Anytime smoke gets in your eyes/clothes etc., it is difficult to get out or it always impacts you. Smokey soul, gospel, neo-soul, pop, jazzy and Doo-wop singing icon Robinson is no different. He has been in our hearts and souls for decades. We love his impactful contributions to music and our lives. Thankfully now he is and has been all over the place. His tour dates are easily found on the web; he’s on TV, in movies, on the Internet (Facebook, Twitter, MySpace…), in articles etc.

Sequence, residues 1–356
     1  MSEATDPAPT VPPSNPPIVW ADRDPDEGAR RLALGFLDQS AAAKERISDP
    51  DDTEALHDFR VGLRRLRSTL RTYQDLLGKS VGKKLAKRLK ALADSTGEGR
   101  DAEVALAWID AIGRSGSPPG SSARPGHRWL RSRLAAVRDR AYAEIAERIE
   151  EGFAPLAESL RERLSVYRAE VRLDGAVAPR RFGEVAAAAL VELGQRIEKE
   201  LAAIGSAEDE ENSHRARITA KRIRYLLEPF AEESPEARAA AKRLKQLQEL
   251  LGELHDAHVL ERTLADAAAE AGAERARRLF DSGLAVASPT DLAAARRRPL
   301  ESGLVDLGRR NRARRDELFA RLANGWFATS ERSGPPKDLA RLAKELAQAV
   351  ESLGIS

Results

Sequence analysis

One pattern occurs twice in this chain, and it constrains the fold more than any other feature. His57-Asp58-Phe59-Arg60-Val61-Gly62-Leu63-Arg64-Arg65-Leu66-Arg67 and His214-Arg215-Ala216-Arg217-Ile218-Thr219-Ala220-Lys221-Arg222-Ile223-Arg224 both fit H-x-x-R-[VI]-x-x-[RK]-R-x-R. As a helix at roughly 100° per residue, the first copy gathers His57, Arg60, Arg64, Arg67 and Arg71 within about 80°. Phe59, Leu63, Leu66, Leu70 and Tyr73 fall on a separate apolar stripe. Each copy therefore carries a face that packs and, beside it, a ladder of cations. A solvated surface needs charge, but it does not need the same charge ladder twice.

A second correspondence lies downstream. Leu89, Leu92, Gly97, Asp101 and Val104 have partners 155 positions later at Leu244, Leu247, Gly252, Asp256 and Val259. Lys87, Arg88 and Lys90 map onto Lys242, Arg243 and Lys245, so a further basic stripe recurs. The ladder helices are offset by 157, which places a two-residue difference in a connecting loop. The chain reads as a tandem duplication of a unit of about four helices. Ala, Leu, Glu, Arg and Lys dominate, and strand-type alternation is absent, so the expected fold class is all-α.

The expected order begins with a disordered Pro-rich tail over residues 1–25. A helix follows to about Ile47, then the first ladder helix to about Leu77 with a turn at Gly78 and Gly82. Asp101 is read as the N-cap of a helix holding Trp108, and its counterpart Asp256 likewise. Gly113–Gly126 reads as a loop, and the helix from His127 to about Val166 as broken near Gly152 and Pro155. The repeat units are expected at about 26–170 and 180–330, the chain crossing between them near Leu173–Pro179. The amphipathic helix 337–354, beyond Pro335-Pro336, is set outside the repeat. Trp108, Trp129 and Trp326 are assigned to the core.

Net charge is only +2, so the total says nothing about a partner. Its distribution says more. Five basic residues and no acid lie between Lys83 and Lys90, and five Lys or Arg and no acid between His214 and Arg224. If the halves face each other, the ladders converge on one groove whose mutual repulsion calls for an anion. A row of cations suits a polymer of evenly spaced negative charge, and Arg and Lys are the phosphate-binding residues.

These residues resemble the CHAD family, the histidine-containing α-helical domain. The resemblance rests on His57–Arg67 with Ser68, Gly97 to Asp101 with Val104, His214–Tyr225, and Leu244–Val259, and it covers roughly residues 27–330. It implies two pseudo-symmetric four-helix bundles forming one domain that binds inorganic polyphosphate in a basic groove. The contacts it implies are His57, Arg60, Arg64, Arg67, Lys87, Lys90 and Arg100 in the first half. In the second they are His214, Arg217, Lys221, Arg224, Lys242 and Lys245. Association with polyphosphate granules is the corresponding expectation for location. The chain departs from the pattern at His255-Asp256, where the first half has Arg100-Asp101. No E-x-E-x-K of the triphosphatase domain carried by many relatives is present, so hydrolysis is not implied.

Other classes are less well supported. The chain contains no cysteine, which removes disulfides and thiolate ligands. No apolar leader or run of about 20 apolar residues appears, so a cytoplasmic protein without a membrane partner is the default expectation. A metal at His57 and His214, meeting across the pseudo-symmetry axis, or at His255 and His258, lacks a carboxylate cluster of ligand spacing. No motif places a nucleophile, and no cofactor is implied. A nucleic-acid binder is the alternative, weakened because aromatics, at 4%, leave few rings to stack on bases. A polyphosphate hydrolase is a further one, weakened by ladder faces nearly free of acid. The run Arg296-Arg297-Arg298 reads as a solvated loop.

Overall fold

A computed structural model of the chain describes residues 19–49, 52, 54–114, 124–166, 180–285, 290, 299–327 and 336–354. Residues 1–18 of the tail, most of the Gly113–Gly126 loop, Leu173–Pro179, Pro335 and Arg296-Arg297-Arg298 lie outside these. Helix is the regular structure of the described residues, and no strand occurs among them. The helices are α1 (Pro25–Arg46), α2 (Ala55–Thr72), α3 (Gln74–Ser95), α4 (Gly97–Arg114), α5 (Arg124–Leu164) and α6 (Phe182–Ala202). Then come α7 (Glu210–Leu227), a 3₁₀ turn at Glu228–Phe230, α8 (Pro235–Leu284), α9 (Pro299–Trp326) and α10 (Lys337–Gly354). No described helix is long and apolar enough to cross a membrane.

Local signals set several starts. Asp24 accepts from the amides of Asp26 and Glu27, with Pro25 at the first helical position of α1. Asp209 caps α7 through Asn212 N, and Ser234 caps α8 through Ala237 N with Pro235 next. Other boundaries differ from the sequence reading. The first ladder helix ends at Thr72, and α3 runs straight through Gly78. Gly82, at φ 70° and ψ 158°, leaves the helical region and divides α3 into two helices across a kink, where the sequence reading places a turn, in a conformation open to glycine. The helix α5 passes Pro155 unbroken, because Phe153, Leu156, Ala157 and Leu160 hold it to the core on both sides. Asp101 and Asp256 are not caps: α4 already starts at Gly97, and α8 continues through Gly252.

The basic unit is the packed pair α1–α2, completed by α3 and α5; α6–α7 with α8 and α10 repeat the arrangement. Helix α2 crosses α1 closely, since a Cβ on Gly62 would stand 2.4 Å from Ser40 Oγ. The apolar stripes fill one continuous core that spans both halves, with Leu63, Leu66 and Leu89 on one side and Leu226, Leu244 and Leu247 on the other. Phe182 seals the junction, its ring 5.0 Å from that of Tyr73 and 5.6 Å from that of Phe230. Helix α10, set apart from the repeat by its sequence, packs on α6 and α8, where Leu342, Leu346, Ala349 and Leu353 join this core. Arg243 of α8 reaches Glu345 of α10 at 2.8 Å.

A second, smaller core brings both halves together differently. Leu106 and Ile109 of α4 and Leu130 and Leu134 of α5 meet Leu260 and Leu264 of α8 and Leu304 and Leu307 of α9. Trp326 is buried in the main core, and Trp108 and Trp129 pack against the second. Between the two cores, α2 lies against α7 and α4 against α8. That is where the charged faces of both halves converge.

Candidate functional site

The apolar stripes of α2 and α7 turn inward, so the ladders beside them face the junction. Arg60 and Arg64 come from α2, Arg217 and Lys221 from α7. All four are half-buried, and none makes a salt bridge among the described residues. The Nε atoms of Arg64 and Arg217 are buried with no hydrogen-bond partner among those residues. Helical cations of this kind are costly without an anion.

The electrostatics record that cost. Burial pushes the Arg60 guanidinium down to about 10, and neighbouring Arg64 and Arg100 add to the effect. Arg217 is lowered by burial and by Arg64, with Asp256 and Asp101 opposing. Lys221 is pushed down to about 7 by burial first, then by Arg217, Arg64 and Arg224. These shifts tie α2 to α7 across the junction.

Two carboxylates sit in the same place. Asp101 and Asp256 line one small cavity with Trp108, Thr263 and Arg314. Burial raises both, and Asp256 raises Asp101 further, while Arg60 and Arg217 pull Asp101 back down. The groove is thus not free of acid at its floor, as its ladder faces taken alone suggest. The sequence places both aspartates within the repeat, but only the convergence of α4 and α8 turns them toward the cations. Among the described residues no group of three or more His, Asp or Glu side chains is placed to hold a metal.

Smokey Robinson has a fifty plus years on the music scene as a vocalist, songwriter, pianist, recording executive and producer, a walking musical, a living Motown archive. In addition, he is a public speaker and business man. Last summer, he performed at Hoosier Park in Anderson. He sang an array of his original classics (such as songs from the Quiet Storm album considered as one of the most highly acclaimed soul records of the 70s), some award winning hits of the 1980s as well as some of his 2009 CD, Time Flies When You’re Having Fun. Smokey Robinson’s voice is still extra smooth, velvety, soulful, seductive, extraordinary, unique, classical and everlasting.